It's only a dream and you make it obscene
With the things that you think and you do.
You're so unaware of the pain that I bear
And jealous for what you can't do.
There's times when I feel that you haven't a hope
But I also know that isn't true.
Every time I ask you why
Silence is its own reply

It’s so hard to prove what I can do
Compared to someone like you
You make it look easy but you still tease me
When you have got nothing better to do
When the tears are falling and its dawning
The truth will ring out so clear
That no-one’s above you and nobody can love you
Until all that pain disappears

Every time I ask you why
Silence is its own reply

By the time we have talked it over
It’s time to say goodbye

Beatles Poised To Be Biggest Record Seller Of The Decade

News came out about 6 months ago that The Beatles are one of The Top 20 Current Best Selling Recording Artists Since 2000.
Now, if you had said The Beatles Are The Biggest Record Selling Group, Of Any Group, Of Any Genre, Of All Time That, wouldn't surprise me as much Because, it's true. The Beatles have sold well over a Billion Records, Tapes and Cd's since The 1960's. And, according to Wikipedia, The Beatles had sold 545 Million Records by 1972. And, now into modern times they have gone well over the billion mark.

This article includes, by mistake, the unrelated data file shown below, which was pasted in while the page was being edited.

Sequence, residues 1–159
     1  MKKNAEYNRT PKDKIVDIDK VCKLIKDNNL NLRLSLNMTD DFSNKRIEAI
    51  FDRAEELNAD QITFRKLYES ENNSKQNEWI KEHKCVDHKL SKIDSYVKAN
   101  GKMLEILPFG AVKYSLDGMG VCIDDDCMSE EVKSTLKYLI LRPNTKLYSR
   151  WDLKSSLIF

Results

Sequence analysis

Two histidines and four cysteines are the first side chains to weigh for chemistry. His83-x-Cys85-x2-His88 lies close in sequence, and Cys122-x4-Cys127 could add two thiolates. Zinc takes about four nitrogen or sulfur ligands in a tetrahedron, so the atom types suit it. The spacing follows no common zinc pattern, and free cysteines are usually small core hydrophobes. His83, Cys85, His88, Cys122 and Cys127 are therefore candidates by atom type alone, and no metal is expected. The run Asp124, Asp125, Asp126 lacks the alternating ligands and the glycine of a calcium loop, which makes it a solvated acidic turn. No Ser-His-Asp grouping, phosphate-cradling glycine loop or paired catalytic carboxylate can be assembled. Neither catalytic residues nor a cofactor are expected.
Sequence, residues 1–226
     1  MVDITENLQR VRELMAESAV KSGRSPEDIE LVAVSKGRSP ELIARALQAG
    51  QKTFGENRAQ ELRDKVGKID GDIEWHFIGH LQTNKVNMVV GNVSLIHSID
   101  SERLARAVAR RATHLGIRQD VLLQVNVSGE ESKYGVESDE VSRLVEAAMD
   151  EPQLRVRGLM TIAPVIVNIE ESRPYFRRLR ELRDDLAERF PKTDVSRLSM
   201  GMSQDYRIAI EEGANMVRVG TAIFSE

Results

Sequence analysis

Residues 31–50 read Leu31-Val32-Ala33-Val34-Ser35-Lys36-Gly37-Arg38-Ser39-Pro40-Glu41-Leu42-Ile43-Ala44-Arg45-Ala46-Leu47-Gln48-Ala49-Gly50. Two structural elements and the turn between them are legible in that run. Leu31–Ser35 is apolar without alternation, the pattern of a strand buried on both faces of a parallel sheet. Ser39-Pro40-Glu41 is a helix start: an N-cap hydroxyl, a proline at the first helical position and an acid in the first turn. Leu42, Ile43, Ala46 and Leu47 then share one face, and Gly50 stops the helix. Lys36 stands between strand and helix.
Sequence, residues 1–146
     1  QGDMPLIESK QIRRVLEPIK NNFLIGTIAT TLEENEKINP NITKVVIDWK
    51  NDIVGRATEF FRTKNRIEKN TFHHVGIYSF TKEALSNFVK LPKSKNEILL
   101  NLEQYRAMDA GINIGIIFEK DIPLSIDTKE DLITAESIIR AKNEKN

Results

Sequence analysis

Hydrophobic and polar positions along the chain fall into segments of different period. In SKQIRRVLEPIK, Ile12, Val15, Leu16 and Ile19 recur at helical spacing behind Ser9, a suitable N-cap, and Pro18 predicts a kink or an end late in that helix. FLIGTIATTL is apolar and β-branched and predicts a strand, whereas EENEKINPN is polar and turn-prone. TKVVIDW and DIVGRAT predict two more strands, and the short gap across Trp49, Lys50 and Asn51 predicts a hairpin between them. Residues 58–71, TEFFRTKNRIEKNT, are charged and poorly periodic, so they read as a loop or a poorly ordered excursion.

But, that they are now At The Brink of Becoming The Biggest Record Selling Group Of Any Group, Of Any Genre, Of The Decade, That's Amazing! Especially, when you consider That they broke up nearly 40 years ago. And, with all the artists today to compete with, It's still amazing. And, a defunct group at that. But, of course The Beatles aren't just any ordinary singing group. They completely dominated The 1960's Music Scene and changed the music industry completely, And, changed the way we listen to music. Which is still felt today. And, as solo Artists they continued to make records and news right into The 1970's. Then, came the release of The Red Album 1962-1966 and, The Blue Album 1967-1970 Released in 1973. Which opened the door (because of the quality of sound on those 2 double albums) for better sounding products to come, and including, The Twentieth Anniversary Edition of Sgt. Pepper's Lonely Hearts Club Band in 1987, As well as, The Yellow Submarine Songtrack in 1999. Again, these Two releases had some Great Remastering. And of course, The Anthology CDs. Which now leads us right up to The Remasters Of 2009. And now they are one of The Top 20 Current Best Selling Acts since 2000. At this point, The Beatles are only second to Marshall Mathers, (Better known as Eminem), since 2000. As you will see below, Eminem has Sold Nearly 32 Million Albums and, The Four Moptops have Sold Nearly 28 Million Albums all since 2000. The Beatles Anthology Project made them The 5th Biggest Album Selling Act of The 1990's. Plus their Biggest Selling Hits Album "1" which went number 1 around the world Selling 32 million albums making it one of The Best Selling Greatest Hits Albums second, only to The Greatest Hits Album by The Eagles, which to date has Sold 42 Million copies. And now, it looks like The Beatles are poised to be The Biggest Selling Act of The 2000's. So, with the Beatles Remasters In full selling mode and, another push in november, it's looking great for the Fab Four. Or, should I say it's looking FAB! According to Rollingstone's Rock and Roll Daily, Music @ Yahoo, Consequence Of Sound, USA Today's Prefix Magazine to name a few, They are mighty close. And, unless Mr. Mathers comes up with something mind-blowing between now and the end of December, The Beatles look unbeatable. (unbeatleable?) So far, The Top 20 List according to Yahoo's Music Blogger, Bob Grein Of Chart Watch, Dated: May 29, 2009 (by way of soundscan) is as follows: